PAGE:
Pandemic Misery Index
This post first appeared on LSE Europe blog
What has been the economic and health performance of different countries since the covid19 crisis began? I propose to rank countries on the basis of how they have fared since the ongoing pandemic began by combining data on two dimensions: a health dimension capturing mortality data; and an economic dimension capturing increases in unemployment.
While the two indicators I select cannot provide an exhaustive picture, they are nevertheless useful in giving us some sense of how countries have fared across two of the dimensions that the covid19 crisis has affected most.
A measure of health costs
The health dimension is based on the so-called p-score. This data is available from the ourworldindata website (data extracted on 14th November 2020) and captures the weekly deviation of current mortality from the 5 years average for that week.
Excess mortality have two advantages over more direct measures of covid19 deaths. First, they do not depend on the testing capacity of the country under consideration, nor are they dependent on definitions of what it means to have died from covid19.
Second, they include the total ‘health cost’ of the pandemic in terms of mortality, i.e. the excess deaths that are the product of both the pandemic and the policy responses to the pandemic.
A measure of economic costs
However, as is well recognised and widely discussed, the pandemic and our policy responses entail significant economic costs. Many economic indicators could be relevant to capture the economic costs. For my purpose, I focus on monthly unemployment rate data, which is extracted from the OECD website.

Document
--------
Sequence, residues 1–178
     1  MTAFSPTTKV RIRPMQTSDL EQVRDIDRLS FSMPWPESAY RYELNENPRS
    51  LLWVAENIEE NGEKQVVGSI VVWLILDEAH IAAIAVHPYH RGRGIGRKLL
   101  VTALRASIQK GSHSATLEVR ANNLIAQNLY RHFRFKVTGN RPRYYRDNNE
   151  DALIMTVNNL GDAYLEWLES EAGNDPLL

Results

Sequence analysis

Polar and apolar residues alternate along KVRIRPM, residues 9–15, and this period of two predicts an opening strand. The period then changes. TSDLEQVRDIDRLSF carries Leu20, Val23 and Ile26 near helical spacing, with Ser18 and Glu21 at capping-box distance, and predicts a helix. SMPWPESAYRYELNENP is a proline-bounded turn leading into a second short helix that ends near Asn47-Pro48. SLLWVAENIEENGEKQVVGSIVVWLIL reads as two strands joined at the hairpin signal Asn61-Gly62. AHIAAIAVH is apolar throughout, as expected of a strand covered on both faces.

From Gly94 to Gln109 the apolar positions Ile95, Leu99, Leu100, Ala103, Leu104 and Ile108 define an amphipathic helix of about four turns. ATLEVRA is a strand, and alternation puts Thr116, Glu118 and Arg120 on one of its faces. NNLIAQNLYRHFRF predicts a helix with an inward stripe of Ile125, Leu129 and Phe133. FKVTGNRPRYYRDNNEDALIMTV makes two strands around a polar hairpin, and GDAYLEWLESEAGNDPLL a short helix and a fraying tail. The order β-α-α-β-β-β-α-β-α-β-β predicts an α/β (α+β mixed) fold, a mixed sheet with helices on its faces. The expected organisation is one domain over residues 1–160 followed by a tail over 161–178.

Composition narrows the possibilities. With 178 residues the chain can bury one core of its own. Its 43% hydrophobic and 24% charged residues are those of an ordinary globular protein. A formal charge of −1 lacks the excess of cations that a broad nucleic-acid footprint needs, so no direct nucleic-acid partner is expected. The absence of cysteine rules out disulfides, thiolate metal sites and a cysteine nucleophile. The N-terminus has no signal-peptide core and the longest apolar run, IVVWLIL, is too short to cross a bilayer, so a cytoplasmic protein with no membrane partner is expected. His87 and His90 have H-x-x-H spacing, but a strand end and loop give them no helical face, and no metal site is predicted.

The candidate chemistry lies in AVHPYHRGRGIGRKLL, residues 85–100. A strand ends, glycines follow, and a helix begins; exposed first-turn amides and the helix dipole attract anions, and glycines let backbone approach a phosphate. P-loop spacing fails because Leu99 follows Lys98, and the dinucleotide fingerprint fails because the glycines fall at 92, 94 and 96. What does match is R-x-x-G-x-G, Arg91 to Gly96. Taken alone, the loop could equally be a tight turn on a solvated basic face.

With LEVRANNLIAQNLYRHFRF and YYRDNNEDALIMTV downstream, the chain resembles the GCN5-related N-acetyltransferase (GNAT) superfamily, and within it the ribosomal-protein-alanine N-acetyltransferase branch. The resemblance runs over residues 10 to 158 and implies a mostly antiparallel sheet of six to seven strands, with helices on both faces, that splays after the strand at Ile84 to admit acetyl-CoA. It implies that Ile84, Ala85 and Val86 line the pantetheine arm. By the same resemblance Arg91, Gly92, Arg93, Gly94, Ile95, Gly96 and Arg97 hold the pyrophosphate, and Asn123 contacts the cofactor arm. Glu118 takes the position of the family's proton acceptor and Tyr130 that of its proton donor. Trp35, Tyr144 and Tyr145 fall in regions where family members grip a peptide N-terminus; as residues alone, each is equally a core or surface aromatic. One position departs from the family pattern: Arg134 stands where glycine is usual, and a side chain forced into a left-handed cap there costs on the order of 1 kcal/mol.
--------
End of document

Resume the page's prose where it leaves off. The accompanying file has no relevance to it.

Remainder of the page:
Partly, this choice is based on data availability constraints, since the alternative to use instead GDP growth data would be hindered by more limited, less recent and less frequent data at the time of writing.
But partly this choice finds inspiration in the so-called misery index which was created following the stagflation in the 1970s. At the time, governments were attempting – and more or less able – to jointly minimise inflation and unemployment.
Adverse unemployment performance can be captured in two distinct ways. The first is simply to look at the average monthly unemployment rate. However, this does not account for the fact that when the pandemic hit, countries started from different relative position. Since the p-score is calculated as a percentage increase from a previous average, I calculate an ‘unemployment score’ as the percentage increase in unemployment from one month to the next.
Country coverage and time period
The following countries are included in my analysis: Austria, Belgium, Canada, Chile, Czech Republic, Denmark, England & Wales, Estonia, Finland, France, Germany, Greece, Hungary, Iceland, Israel, Italy, Latvia, Lithuania, Luxembourg, Netherlands, Norway, Poland, Portugal, Slovakia, Slovenia, South Korea, Spain, Sweden, and the United States.
Because ourworldindata.org does not report excess deaths by age groups for the UK as a whole but instead for England&Wales, this is the data I use throughout. For most countries. I have data from January to September 2020 (inclusive). More recent data was not available for all countries at the time of writing so what follows does not capture what has happened since the ‘second wave’.
Excess mortality by age group
I start by showing the weekly evolution of excess mortality by four age groups (Figure 1): 15-64; 65-74; 75-84 and 85+.
The figure reveals the (by now) familiar worse performers, most notably Belgium and England. Note further that English experience is not atypical in the UK given the similar picture for Scotland and to a lesser extent Northern Ireland.
Other countries that did not fare well include Chile, Spain, Netherlands, Italy; although we can observe differences in the timing of the peak. In all cases, excess mortality is strongly a function of age, as has been well documented elsewhere.
Figure 1: Weekly excess mortality by age group
Economic and health costs over time
If we abstract from the cross-national variation, we can see February was actually below the excess mortality average of the last five years for that time of the year and in March the average for our countries only experienced a mild increase. By contrast, in April most countries experienced very significant rises in their excess mortality (Figure 2).